My Oh-Megas!

Fat is an essential part of our diet and supports many metabolic processes. To achieve optimal health and reduce risk for chronic disease it is important to include fat in your diet. The principle is to focus on the best types and the correct quantity of fats to get the benefit from them.

Let’s take a look at three types of omega fatty acids namely omega 3, 6 and 9.

What are omega-3 fats?

Omega-3 is a family of fats that are important for health and come in different forms:

  • ALA (alpha-linolenic acid) cannot be made in the body so must be eaten in our diet. ALA is found mainly in vegetable oils, rapeseed and linseed (flaxseed), nuts (walnuts, pecans and hazelnuts) and green leafy vegetables.
  • EPA (eicosapentaenoic acid) and DHA (docosahexaenoic acid) are long-chain fats that can be made from ALA in our bodies. They have the most direct health benefits. Making EPA and DHA from ALA happens slowly and only small amounts are formed. The best way of ensuring we are taking in an adequate amount of EPA and DHA is to eat foods rich in these fats.

Which foods are rich in EPA & DHA?

Fish, and especially fatty fish (e.g. pilchards, sardines, salmon) are good sources of EPA and DHA. White fish contains some omega-3 but at much lower levels than fatty fish. Canned versions of fatty fish such as tuna can be a source of omega-3’s but may have most of these fats removed during processing.

What are the key benefits of omega-3 fats?

Marine-derived omega-3’s has been linked to a number of benefits in various disease and inflammatory-related conditions. For example, people from the Mediterranean, Japan and Greenland with a diet rich in omega-3 have been shown to have a lower risk of heart disease than Western countries such as the US and UK. EPA and DHA promote heart health in via numerous mechanisms and it is considered essential for good heart health. To name only two it keeps the arterial cells healthy and correct heart rate variability. The American Heart Association (AHA) recommends a fatty fish consumption of 3 portions per week. Because of this and other health benefits such as the fact that they support the healthy development of a baby during pregnancy and breastfeeding and may be protective in maintaining a good memory as well as in the prevention and treatment of depression, it is recommended that we eat more foods containing omega-3. We should try to eat two portions of fatty fish per week.

A word about Sustainability

Whilst the main sources of omega-3 are from marine fish oils, the amount of fish available for consumption globally is declining for certain species of fish. It is important to choose fish from sustainable sources. You can do this by looking for Marine Stewardship Council (MSC) certified products or consulting the Southern African Sustainable Seafood Initiative (SASSI) at http://wwfsassi.co.za/

What are omega-6 fats?

Omega-6’s are also essential fatty acids, like the omega-3 fats, in that our bodies can’t make them and we therefore need to take them in through our diet. Arachidonic acid (AA) is an end product of the conversion of essential long-chain fats in the Omega-6 family. The results of biological pathways that include AA can have anti-inflammatory effects but can also promote inflammation.

Which foods are sources of omega-6 fats?

Corn, sunflower, safflower and soy bean oils are sources of omega-6 fats. These are mostly used in pre-packaged foods too. Meat, poultry and eggs are also sources of AA.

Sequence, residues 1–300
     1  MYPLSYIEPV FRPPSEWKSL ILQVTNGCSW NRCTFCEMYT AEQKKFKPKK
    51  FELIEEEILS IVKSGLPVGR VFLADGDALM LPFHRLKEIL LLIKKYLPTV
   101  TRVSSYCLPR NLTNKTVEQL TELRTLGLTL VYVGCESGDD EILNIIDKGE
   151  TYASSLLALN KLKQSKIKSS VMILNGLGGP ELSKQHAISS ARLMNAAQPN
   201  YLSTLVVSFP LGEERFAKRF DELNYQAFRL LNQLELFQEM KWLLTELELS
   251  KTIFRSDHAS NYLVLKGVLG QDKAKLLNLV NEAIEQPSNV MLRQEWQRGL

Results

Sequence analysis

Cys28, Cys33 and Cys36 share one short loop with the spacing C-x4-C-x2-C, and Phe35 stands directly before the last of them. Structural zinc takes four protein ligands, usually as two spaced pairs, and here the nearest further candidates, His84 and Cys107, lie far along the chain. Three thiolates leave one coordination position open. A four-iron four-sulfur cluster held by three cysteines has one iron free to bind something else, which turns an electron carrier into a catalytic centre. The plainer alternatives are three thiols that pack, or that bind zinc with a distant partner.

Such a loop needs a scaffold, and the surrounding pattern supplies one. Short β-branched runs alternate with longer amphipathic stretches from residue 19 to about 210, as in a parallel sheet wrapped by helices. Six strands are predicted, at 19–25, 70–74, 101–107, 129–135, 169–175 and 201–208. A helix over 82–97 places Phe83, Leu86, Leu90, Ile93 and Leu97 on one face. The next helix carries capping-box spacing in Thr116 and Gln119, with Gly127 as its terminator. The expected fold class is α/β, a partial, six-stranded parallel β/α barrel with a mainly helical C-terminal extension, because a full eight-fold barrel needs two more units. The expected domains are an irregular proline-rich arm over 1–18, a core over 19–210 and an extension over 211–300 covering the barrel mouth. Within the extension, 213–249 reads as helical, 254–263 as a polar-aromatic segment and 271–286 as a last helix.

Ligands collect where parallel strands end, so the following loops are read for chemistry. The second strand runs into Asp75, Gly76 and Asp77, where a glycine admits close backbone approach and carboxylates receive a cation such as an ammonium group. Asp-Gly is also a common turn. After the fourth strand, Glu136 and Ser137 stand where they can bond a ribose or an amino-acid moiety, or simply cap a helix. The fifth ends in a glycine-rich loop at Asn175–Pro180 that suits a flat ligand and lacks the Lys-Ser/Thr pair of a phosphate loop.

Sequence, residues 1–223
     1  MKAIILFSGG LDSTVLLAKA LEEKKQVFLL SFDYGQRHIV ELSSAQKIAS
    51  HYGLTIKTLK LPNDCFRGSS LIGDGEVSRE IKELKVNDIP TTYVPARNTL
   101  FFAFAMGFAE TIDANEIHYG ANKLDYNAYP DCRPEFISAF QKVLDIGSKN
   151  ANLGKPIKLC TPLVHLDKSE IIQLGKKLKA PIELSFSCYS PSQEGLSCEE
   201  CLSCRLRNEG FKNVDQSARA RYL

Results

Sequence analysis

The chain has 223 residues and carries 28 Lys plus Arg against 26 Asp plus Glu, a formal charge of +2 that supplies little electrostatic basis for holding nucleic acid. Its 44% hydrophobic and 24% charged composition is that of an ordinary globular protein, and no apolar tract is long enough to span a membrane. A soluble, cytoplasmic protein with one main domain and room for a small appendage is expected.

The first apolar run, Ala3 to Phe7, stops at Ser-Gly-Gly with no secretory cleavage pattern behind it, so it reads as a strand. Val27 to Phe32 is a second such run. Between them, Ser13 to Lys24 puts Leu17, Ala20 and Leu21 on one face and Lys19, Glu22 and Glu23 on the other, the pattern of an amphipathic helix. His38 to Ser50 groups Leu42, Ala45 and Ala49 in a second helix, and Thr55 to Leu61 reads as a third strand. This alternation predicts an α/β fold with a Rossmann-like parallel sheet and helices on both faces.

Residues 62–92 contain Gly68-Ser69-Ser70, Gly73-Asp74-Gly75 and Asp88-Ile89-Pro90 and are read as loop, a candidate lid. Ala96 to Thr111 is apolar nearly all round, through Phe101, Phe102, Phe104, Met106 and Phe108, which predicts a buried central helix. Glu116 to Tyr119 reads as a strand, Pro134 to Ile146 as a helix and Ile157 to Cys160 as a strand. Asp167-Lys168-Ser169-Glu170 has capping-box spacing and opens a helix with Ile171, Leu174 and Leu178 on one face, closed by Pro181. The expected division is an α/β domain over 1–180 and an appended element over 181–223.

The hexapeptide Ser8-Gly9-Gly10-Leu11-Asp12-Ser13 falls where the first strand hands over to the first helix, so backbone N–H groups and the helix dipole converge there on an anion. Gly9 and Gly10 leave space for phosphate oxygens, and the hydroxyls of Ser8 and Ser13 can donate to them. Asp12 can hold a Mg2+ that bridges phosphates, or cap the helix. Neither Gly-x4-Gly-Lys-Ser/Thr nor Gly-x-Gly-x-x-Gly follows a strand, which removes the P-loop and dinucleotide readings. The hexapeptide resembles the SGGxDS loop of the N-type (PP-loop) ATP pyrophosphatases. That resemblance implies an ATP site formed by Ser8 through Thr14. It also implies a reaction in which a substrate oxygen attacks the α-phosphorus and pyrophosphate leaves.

How much of these kinds of fats should I be eating?

Our usual diet generally tends to include higher amounts of omega-6 fats, as we use these oils in cooking. They are also used by the food industry, and if we consume pre-packaged foods frequently, which tends to be the case in South Africa it contributes to a higher intake of omega 6.

What are omega-9 fats?

Unlike the omega-3 and omega-6 fats, omega-9 fats do not need to be taken in from the foods we eat, as they can also be created by our bodies from unsaturated fats. Examples include oleic acid which is found in oils like olive oil and macadamia oil and erucic acid which is found in rapeseed oil.

To supplement or not to supplement?

The best source of the fats you need are food sources of these. Supplementation should only be considered when you find it difficult to take in the correct amount of these foods. It is important to consult with your healthcare professional before taking supplements of any kind. When it comes to omega fat supplementation, it would only be advisable to consider taking a pure omega-3 supplement which provides the correct amount of EPA and DHA when your fatty fish intake is low. The South African diet tends to be higher in omega-6’s and therefore supplementation is less likely to be recommended. Due to the fact that omega-9 fats are made by the body, it is not necessary to take these in through supplements.

References

  1. The Academy of Nutrition & Dietetics (2014). Position of the Academy of Nutrition and Dietetics: Dietary Fatty Acids for Healthy Adults. J Nutr Diet 114(1): 136 – 149.
  2. Omega 6 Fatty Acids and Risk for Cardiovascular Disease: A Science Advisory from the American Heart Association Nutrition Subcommittee of the Council of Nutrition, Physical Activity, and Metabolism; Council on Cardiovascular Nursing and Council on Epidemiology and Prevention. Harris et al, Circulation 2009.
  3. What health professionals should know about omega 3 fatty acid supplements. Opperman M, SAJCN 2013
  4. Smuts CM & Wolmarans P. (2013) The importance of the quality or type of fat in the diet: a food-based dietary guideline for South Africa. SAJCN 26(3): s87-99.
  5. Mahan LK, Escott -Stump S, Krause’s Food Nutrition and Diet Therapy 14th edition Philadelphia, Saunders 2016